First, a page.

The unprecedented consensus within the EU in accepting Ukrainian refugees presents it as a global humanitarian power. But is this truly a ‘paradigm shift’ or is it a continuation of the West European Cold War strategy, based on a moral high ground narrative, of accepting people who had fled the ‘evil and undemocratic’ Soviet-bloc countries during and after World War II?
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India has had big successes during its first stint as an observer in the Arctic Council. Since then, the country has made substantial progress in its climate action pledges and developed comprehensive strategies to mitigate climate change. With its re-election, India can now offer much more to the global organisation's role in promoting environmental stability in the polar region.
The UN turned 75 this year but instead of grand celebrations, the world witnessed an empty UNGA with world leaders addressing it via video screening because of the pandemic. The UN is under unprecedented stress and being shown up for its inability to tackle the challenges of today like the pandemics, climate change, terrorism or global peace and security. The institution's key governing structures, especially the UN Security Council, are inadequate and demand reform. India must now use gritty resolve to ensure its place in these governing structures.
Ambassador Neelam Deo, Director and co-founder of Gateway House in the weekly series of podcasts on the U.S Elections analyses the foreign policy agenda of the Democratic government, why COVID-19 will impact voters choice and if Kamala Harris’ connection to India will influence the Indian-American votes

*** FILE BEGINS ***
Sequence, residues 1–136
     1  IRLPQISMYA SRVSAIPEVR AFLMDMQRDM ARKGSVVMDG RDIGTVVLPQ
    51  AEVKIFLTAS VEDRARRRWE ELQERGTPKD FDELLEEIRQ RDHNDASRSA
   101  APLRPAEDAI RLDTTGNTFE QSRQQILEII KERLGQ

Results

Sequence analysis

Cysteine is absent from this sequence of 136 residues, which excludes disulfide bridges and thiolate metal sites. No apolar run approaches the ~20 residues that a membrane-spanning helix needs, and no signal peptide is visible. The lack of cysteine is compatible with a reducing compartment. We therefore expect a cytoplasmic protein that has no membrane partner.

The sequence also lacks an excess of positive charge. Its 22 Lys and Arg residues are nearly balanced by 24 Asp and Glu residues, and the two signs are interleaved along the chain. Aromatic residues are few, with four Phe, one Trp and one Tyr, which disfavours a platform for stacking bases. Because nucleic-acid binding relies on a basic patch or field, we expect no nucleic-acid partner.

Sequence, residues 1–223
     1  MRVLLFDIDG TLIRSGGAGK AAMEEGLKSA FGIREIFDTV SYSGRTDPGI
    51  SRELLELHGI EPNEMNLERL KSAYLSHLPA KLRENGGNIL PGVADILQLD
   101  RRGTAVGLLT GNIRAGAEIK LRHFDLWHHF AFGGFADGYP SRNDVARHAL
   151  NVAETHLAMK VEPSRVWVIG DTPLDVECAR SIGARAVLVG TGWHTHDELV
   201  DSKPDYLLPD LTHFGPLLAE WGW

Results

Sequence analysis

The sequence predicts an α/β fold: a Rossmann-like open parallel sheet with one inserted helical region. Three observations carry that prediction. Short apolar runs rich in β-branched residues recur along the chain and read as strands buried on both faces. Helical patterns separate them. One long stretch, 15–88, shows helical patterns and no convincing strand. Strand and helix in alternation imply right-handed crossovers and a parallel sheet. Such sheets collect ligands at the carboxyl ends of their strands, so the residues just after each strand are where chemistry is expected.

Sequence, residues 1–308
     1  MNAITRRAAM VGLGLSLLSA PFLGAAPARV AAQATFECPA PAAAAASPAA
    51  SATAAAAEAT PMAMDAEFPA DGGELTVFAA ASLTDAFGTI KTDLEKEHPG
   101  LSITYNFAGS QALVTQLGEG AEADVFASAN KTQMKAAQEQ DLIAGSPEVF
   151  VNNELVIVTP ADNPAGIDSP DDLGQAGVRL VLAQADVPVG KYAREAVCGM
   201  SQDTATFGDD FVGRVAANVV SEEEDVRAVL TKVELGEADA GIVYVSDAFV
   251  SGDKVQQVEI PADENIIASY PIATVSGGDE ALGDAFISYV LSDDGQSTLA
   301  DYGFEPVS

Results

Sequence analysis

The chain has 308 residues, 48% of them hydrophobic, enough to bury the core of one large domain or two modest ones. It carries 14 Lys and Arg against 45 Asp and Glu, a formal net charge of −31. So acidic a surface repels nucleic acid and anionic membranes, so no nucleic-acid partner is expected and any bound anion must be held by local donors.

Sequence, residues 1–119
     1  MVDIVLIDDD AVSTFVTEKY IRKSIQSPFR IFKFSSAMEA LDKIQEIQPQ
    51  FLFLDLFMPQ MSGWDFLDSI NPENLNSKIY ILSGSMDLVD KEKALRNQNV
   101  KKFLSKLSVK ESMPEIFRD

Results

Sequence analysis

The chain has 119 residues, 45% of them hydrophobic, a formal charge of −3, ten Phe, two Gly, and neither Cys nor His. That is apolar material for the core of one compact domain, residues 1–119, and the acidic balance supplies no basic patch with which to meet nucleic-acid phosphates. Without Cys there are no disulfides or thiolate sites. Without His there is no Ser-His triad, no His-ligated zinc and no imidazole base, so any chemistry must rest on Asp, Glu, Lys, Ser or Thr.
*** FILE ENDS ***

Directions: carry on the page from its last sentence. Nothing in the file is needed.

The re-election of the Bharatiya Janata Party to Parliament means that India’s infrastructure buildout will continue apace. This will be a heavy load on the environment. It will also have to abide by Prime Minister Modi’s commitment to the successful implementation of the Sustainable Development Goals (SDGs) by 2030. This offers an opportunity for the government to think innovatively about measures for sustainable development, particularly in pricing nature
The message from Brexit is simple: the post-second world war financial, trade and industrial order and security arrangements that developed around Bretton Woods, have passed their expiry date. This is the time for countries, regional unions and global institutions to reform themselves – putting people instead of regulations and strategic objectives at the centre of their decision-making.
While the closing of borders to refugees in Europe and West Asia could be interpreted as proof that national borders are more important now than ever, the sheer numbers of refugees make strengthening borders a severely inadequate solution.
Elections in Denmark in June have brought a right-wing coalition to power. These poll results reflect a trend across Europe of the rise of right-wing parties that are tapping into anti-immigrant sentiment and Islamophobia, both portrayed as responsible for a declining economy. It is time for Europe to stop blaming the victims and introspect
The killings earlier this month in Copenhagen—manifestations of anti-free speech and anti-Jewish sentiments—were tragic and condemnable. Events such as these can only begin to be understood—not justified—within the growing contradictions of Scandinavian society
Gateway House prepared a Global Stability Map, using 20 differing indicators, to analyze the stability of 60 countries around the world. Using criteria that are important to the emerging economies of the world, the map provides an Indian perspective of the world today.